Journal Article

Liposome-mediated gentamicin delivery: development and activity against resistant strains of <i>Pseudomonas aeruginosa</i> isolated from cystic fibrosis patients

Clement Mugabe, Ali O. Azghani and Abdelwahab Omri

in Journal of Antimicrobial Chemotherapy

Published on behalf of British Society for Antimicrobial Chemotherapy

Volume 55, issue 2, pages 269-271
Published in print February 2005 | ISSN: 0305-7453
Published online February 2005 | e-ISSN: 1460-2091 | DOI: http://dx.doi.org/10.1093/jac/dkh518
Liposome-mediated gentamicin delivery: development and activity against resistant strains of Pseudomonas aeruginosa isolated from cystic fibrosis patients

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Objectives: Chronic pulmonary infection by Pseudomonas aeruginosa in cystic fibrosis patients is virtually impossible to eradicate by means of existing free antibiotics. We sought to assess the antibacterial activities of liposomal gentamicin against clinical isolates of P. aeruginosa.

Methods: Gentamicin was encapsulated into liposomes with different lipid compositions (1,2-dimyristoyl-sn-glycero-3-phosphocholine, 1,2-dipalmitoyl-sn-glycero-3-phosphocholine and 1,2-distearoyl-sn-glycero-3-phosphocholine) and cholesterol in the molar ratio of 2:1 by sonication. The in vitro stability of liposome-encapsulated gentamicin was studied over a 48 h period at 4 and 37°C in PBS and at 37°C in pooled plasma. The MICs of free and liposomal gentamicin for clinical isolates of P. aeruginosa were assessed by broth dilution.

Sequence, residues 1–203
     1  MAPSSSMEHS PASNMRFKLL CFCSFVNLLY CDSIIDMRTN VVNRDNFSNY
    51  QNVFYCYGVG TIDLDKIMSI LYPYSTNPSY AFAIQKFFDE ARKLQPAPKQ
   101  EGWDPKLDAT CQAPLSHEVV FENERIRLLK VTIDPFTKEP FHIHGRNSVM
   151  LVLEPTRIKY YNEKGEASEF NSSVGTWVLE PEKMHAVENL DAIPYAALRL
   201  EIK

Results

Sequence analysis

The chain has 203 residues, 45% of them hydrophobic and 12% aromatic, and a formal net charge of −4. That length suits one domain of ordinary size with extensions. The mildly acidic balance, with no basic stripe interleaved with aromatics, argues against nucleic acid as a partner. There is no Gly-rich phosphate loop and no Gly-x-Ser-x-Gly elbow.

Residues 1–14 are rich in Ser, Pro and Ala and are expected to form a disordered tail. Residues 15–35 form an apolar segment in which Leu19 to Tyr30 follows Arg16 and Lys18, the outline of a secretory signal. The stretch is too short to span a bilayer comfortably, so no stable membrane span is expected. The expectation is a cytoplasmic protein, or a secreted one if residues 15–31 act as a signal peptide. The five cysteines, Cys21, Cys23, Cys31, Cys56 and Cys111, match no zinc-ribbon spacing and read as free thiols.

Results: The encapsulation efficiency of all liposomal preparations was 4%–5.18% of the initial amount of the drug in solution. The liposomes retained 60%–70% of the encapsulated gentamicin for 48 h when they were incubated in normal human pooled plasma or PBS at 4 or 37°C. The MICs of liposomal gentamicin for all clinical isolates of P. aeruginosa were lower than the MICs of free gentamicin. Importantly, liposomal gentamicin altered the susceptibilities of these clinical isolates from gentamicin resistant to either intermediate or susceptible.

Conclusions: Taken together, these data indicate that liposomal gentamicin formulations could be more effective than the free drug in controlling pulmonary infections due to P. aeruginosa.

Keywords: antibiotic delivery; lung infection; stability

Journal Article.  1779 words.  Illustrated.

Subjects: Medical Oncology ; Critical Care

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